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Cython wrapper for the Boost Voronoi library (version 1.59.0)

Project description

A wrapper for Boost’s Voronoi diagram library



Cython dependency is optional. Cpp sources generated with Cython are available in releases.

Note on using the operates in 2 modes that are based on the presence of the dev file in the root of the project.

  • When dev is present, Cython will be used to compile the .pyx sources. This is the development mode (as you get it in the git repository).
  • When dev is absent, C/C++ compiler will be used to compile the .cpp sources (that were prepared in in the development mode). This is the distribution mode (as you get it on PyPI).

This way the package can be used without or with an incompatible version of Cython.

The idea comes from Matt Shannon’s bandmat library.

From PyPI

Cython not required.

pip install pyvoronoi

From source

Cython required.

Clone the repository:

git clone


python install

After every modification of .pyx files compile with Cython:

python build_ext --inplace


Create a new instance, passing the scaling factor into the constructor: ` import pyvoronoi pv = pyvoronoi.Pyvoronoi(10) `

Since the voronoi library uses integer representation for points, the scaling factor chosen must be high enough to avoid roundoff error when converting from point coordinates to integers.

Add points and segments:

pv.AddPoint([0, 0])

Call Construct() and get the edges and vertices:

      edges = pv.GetEdges()
      vertices = pv.GetVertices()
cells = pv.GetCells()

Edges have the following properties:

  • start, end contain the indices of the start and end vertices or -1 if the edge is infinite at that end.
  • is_primary is true if the edge is not coincident with any of the source inputs.
  • is_linear is true if the edge is linear (not curved).
  • site1, site2 are the indices of the sites which generated this edge. Sites are indexed as points, then segments, so if there are 5 points and 3 segments, a site index of 7 means the last segment, a site index of 2 means the third point.
  • cell is the identifier of the cell this segment is part of.
  • twin is the identifier of the twin segment as defined in the boost voronoi API.

Cells have the following properties: * cell_identifier is the index of the cell. * site is the index of the site which generated this cell (same as site1, site2 on the edges). * contains_point is true if the site was generated by a point. * contains_segment is true if the site was generated by a segment. * is_open is true if any of the cell’s edges is infinite. * vertices contains indices into the vertex array. * edges contains indices into the edge array.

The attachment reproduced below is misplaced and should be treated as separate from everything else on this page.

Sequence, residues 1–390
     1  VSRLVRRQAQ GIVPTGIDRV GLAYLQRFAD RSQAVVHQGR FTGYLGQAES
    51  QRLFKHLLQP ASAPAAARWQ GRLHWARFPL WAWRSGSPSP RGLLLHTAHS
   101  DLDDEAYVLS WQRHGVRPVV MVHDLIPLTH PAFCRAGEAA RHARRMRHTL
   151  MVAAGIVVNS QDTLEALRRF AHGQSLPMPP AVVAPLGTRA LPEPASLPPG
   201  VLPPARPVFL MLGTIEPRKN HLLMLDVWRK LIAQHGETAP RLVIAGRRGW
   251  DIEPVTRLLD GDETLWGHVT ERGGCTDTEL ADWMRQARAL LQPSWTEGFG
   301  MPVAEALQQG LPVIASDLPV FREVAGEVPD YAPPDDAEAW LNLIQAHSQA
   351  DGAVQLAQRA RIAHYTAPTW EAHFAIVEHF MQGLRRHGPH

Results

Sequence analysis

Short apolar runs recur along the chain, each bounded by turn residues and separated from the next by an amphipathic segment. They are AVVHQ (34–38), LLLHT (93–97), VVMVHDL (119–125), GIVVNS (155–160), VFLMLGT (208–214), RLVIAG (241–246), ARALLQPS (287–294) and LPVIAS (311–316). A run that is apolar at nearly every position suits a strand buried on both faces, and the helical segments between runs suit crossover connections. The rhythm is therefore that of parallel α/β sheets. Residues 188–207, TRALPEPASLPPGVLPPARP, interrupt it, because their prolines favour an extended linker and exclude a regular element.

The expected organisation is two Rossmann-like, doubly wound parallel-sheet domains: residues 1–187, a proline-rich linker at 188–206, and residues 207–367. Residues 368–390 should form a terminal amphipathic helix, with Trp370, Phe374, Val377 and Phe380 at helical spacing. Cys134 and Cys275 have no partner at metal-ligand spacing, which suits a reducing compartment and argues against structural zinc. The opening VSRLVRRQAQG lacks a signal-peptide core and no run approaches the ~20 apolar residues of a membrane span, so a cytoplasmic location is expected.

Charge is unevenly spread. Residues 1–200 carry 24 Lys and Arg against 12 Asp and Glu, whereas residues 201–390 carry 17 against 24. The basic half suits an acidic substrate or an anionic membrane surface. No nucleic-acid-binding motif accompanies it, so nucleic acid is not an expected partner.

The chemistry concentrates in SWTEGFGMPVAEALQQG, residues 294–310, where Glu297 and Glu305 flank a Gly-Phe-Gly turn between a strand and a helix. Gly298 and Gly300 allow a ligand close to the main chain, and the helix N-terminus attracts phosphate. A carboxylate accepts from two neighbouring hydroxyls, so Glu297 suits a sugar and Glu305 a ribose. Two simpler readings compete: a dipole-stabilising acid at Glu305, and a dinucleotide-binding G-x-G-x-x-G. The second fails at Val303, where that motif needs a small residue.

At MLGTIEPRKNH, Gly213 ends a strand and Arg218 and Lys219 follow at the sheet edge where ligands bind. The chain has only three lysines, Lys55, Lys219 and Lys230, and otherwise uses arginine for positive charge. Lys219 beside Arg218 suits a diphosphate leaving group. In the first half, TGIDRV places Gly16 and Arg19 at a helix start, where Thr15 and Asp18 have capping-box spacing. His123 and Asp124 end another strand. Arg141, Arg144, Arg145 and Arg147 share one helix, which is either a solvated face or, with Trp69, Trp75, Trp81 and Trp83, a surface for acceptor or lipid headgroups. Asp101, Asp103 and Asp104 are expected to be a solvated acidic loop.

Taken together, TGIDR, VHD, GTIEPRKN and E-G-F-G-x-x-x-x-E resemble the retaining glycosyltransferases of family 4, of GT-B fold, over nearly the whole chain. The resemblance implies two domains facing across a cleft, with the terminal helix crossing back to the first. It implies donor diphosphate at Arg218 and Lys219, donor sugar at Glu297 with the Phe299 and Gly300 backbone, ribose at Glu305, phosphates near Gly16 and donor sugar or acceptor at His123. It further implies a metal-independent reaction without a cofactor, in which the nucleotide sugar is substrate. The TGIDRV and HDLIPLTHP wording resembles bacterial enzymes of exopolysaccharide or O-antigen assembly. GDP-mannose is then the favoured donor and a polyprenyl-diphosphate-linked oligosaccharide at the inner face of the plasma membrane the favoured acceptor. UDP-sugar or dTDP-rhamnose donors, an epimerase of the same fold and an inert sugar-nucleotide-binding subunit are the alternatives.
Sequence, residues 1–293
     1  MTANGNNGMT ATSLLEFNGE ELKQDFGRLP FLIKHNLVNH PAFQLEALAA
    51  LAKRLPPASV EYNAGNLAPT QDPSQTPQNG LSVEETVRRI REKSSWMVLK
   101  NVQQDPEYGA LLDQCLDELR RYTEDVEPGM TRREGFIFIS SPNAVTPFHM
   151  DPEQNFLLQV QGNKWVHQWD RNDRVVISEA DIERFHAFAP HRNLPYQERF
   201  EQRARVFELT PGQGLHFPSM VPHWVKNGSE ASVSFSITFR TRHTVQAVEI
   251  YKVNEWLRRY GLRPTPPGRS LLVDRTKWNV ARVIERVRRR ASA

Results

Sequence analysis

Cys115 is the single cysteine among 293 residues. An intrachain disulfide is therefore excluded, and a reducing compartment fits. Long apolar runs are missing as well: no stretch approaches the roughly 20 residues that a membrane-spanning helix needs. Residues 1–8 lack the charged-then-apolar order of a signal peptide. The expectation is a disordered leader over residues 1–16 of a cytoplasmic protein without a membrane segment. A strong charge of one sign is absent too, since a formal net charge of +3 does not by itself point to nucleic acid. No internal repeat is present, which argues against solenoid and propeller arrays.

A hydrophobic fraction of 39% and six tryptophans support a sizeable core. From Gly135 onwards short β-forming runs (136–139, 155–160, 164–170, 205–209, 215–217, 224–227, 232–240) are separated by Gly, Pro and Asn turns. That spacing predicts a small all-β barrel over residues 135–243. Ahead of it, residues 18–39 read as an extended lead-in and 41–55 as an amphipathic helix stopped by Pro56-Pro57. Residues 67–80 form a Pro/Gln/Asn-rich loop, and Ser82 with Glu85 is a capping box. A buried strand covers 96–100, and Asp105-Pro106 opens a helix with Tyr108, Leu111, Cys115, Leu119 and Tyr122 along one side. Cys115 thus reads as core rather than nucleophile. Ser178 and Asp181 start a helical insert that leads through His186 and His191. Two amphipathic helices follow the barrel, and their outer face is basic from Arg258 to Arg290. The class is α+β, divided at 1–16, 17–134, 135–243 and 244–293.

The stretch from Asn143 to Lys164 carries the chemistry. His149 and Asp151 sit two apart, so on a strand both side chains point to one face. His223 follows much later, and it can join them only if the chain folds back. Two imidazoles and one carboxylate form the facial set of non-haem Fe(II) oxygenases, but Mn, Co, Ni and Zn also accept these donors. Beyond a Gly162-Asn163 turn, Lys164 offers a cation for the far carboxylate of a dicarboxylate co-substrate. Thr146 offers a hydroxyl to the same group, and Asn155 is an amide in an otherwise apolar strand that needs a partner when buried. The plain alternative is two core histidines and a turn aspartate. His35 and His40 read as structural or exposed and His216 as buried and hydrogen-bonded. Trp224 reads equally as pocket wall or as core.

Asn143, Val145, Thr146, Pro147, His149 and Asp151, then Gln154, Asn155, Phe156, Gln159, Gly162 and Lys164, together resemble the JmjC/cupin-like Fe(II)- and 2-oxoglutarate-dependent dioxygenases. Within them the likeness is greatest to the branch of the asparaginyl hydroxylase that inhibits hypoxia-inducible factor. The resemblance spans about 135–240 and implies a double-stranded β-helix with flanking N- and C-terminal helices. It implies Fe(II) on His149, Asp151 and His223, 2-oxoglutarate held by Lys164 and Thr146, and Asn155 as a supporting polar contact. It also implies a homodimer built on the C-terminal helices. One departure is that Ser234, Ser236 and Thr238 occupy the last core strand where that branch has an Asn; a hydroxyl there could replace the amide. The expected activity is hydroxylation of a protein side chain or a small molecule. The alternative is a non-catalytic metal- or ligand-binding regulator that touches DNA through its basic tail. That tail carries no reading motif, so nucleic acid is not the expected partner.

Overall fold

pv = pyvoronoi.Pyvoronoi(100)

edges = pv.GetEdges()
vertices = pv.GetVertices()
cells = pv.GetCells()
print("Cell Count: {0}".format(len(cells)))
for c in cells:
    print("Cell contains point: {0}. Contains segment: {1}. Is open: {2}, Site Index: {3}".format(c.contains_point, c.contains_segment, c.is_open,
    for sIndex in c.edges:
        print("Start Index: {0}, End Index = {1}".format(edges[sIndex].start, edges[sIndex].end))

Some output edges returned by the boost voronoi API are suposed to be curved. In the C++ API, it is up to you to code it. Luckily, you can do it in python using the following the function DiscretizeCurvedEdge. The sample below shows you how to do that:

for cIndex in range(len(cells)):
        cell = cells[cIndex]
        if cell.is_open == False:
                for i in range(len(cell.edges)):
                        e = edges[cell.edges[i]]
                        startVertex = vertices[e.start]
                        endVertex = vertices[e.end]

                        max_distance  = distance([startVertex.X, startVertex.Y], [endVertex.X, endVertex.Y]) / 10
                        if startVertex != -1 and endVertex != -1:
                                if(e.is_linear == True):
                                        array = [[startVertex.X, startVertex.Y],[endVertex.X, endVertex.Y]]
                                        points = pv.DiscretizeCurvedEdge(cell.edges[i], max_distance)
                                        for p in points:
                                                print "{0},{1}".format(p[0], p[1])

The code used for the discretization is a port to python of this C++ code available on the boost voronoi web site


  • Pyvoronoi is available under MIT license.
  • The core Voronoi library is available under Boost Software License. Freeware for both open source and commercial applications.

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